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A Cow of a Way to Eat Meat

December 18, 2017

One Man’s Beef with the Australian Livestock Industry.

By Dave Goldberg

The average earthling eats 34 kg of meat a year. The average USA citizen 93. The average Australian 90 kg. Silver medal – but is it an award we should be proud of and what’s the real price we’re paying?

Australia is eight million square kilometres of land. Half of that is dedicated to beef production at the moment, and as you read this article 40 football fields worth of land is being cleared of scrub in Queensland and NT alone every hour – all for beef production – maybe half for export. Two tractors with a ball and chain between them simply drive forward and flatten everything between them, and the debris is burnt.

In Queensland last year this activity alone emitted 36 million tonnes of CO2 - to get the same greenhouse effect, you would have to put an extra eight million cars on the road, doing the current average driving. And we haven’t started growing our beef yet. Queensland’s overall emissions have doubled since 2011.

Stock is usually grass or stubble fed, and “finished” – fattened up – in an intensive cattle feeding lot. Some cattle spend the whole time in an intensive “factory” lot. To keep them healthy on grain (which hungry people could eat), when they’re “designed” for grass, they account for 40% of all antibiotics used in Australia, and they’re now starting to play their part in the emergence of the resistant ‘superbugs’.

From “Farm” (factory?) to Plate.

  • Bread per Kg 1 kg of greenhouse gases (GHG)
  • Lentils per Kg 1 kg GHG
  • Chook per Kg 3 kg GHG
  • Pork    per kg 6 kg GHG
  • Beef    per kg 25 kg GHG*

(*methane stomach, with methane having 84 times the greenhouse activity of CO2)

These emissions translated into driving a car at average Australian fuel efficiency.

  • Bread or lentils/Kg on the plate 3 km
  • Chook 8 km
  • Pork 18 km
  • Beef 74 km

It takes at least 50 000 litres of freshwater to get that kg of beef to your plate, 100 000 if the poor cow spends its whole life in an intensive feedlot. Lentils are about 6 L/kg. We are the driest continent in the world, after Antarctica.

We’ll skip the damage to riverbanks and the pollution problem from feedlots.

Beef is special – a super land clearer and methane emitter, at a time of planetary climate instability. And we don’t just love our beef, we like the prime cuts. Check out the supermarkets – you’ll see fillets and T-bones and sirloins. You’ll be lucky to 5 kg of each out of a 500 kg beast. We waste, because of consumer preference.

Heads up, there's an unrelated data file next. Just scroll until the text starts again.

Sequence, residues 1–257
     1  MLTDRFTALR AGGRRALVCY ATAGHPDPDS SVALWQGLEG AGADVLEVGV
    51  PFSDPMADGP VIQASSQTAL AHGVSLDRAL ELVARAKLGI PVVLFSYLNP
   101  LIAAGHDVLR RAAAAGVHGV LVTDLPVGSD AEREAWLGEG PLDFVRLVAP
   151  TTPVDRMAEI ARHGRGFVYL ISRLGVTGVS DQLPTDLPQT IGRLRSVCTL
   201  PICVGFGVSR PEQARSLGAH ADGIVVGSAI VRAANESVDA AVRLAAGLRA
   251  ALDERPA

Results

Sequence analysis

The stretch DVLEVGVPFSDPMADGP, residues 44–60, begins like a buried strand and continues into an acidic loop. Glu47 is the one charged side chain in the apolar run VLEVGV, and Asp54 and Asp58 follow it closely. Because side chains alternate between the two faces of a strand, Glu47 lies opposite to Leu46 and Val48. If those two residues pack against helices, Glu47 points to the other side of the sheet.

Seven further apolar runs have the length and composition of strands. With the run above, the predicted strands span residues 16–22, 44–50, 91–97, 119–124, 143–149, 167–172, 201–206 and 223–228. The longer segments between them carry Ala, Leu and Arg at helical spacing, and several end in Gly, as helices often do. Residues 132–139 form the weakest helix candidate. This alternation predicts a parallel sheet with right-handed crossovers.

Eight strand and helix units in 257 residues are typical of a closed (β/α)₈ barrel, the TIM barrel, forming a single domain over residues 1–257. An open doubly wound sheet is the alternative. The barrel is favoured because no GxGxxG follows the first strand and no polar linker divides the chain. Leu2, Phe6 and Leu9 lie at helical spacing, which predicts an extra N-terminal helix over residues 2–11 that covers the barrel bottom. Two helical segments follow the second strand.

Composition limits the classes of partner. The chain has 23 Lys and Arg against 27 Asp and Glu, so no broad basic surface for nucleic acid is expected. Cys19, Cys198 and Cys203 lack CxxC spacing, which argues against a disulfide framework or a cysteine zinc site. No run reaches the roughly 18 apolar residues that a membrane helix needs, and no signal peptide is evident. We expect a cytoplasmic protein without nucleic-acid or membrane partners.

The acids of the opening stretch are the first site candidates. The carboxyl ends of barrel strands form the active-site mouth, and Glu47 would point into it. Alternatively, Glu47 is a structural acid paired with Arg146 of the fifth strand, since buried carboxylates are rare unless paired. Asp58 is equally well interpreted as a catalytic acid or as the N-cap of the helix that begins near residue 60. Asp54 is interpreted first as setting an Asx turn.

We are literally laying waste to half of Australia, and her rivers, and the soil that runs to the reef, and we’re changing the climate quite significantly - for 24 million people - for a meat we don’t need, but love the taste of and can now “afford” everyday – if you only count the dollar cost, not the cost of the war we need to wage on our own land to get our beef on this scale, at this price.

The Good News

You never need to eat beef – a plant based diet, or a plant based diet with occasional other meat or fish – is not just OK: it’s far healthier, and it’s what we’re “designed” for. Your bowel bugs need fibre, and meat is 0.00000% fibre.

But if you really want to, you can source beef that’s been grass-fed near you, or woodland fed up north (if you live up north), avoiding the industrial product in your supermarket and using a butcher who practises nose-to-tail butchering – no wastage, one who uses rotation farming to look after our soils, and one who gives the animal a semblance of normal living, before the quick bolt to the head, and the quick bleed. As against the misery of a foodlot life and an awful trip by truck and maybe boat to an abattoir.

Liver and kidneys are the richest sources of B12, zinc and iron – three times as much as in a steak. Many delicious recipes, most of them traditional, use the “offal” – now called “secondary cuts”. If you use the whole beast – you need fewer beasts. There are more farm animals on the planet than people. Only 3% of animals on earth now are wild.

You can reduce your chance of breast, bowel and prostate cancer by 30%, and heart attacks and stroke by nearly as much, just by reducing your meat consumption from our 90 kg to 30 kg a year – what most other people on the planet are doing. You don’t even have to go vego.

You can have your beef and eat it, if you must.

If we can’t change our consumer habits, the good news is the technologists can mitigate – they can reduce the beef burden on our climate. They have found an algae species that when fed to cattle, reduces their methane emissions from 57 ppm to 10 ppm. Mass production for the livestock industry is three years away. This will limit the damage our beef-based diet is doing to the climate – but not the medical risk to you. If you’re a beef fan, don’t forget your annual bowel screening tests.

Bon appetit, gentle readers.

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